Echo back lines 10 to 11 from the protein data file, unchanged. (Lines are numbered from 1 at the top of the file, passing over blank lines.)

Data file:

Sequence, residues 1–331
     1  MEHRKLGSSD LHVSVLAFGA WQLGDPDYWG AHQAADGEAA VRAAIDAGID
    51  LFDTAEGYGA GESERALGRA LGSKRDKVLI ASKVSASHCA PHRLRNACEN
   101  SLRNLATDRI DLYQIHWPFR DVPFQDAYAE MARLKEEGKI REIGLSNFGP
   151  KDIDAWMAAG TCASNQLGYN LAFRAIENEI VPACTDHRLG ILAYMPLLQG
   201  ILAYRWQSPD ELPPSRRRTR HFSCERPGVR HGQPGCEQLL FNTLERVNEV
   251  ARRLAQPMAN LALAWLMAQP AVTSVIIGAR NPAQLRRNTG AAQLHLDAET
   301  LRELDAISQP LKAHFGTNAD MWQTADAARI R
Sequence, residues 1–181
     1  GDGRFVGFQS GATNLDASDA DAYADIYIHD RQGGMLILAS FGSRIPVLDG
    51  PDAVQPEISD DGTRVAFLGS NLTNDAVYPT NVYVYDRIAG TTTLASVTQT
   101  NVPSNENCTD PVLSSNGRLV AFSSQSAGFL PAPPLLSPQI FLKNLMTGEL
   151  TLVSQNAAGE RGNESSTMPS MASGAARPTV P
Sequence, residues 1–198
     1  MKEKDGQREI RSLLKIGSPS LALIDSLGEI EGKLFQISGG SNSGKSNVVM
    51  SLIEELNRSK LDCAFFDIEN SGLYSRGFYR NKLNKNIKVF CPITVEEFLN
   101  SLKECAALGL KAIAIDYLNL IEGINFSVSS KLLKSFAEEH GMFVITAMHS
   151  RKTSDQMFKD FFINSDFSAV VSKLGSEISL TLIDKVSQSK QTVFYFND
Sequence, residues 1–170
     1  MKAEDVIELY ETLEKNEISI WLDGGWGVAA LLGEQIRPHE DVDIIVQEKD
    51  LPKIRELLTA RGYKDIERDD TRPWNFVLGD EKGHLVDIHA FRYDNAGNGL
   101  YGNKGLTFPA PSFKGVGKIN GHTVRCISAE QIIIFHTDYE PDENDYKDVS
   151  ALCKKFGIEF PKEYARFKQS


     1  GDGRFVGFQS GATNLDASDA DAYADIYIHD RQGGMLILAS FGSRIPVLDG
    51  PDAVQPEISD DGTRVAFLGS NLTNDAVYPT NVYVYDRIAG TTTLASVTQT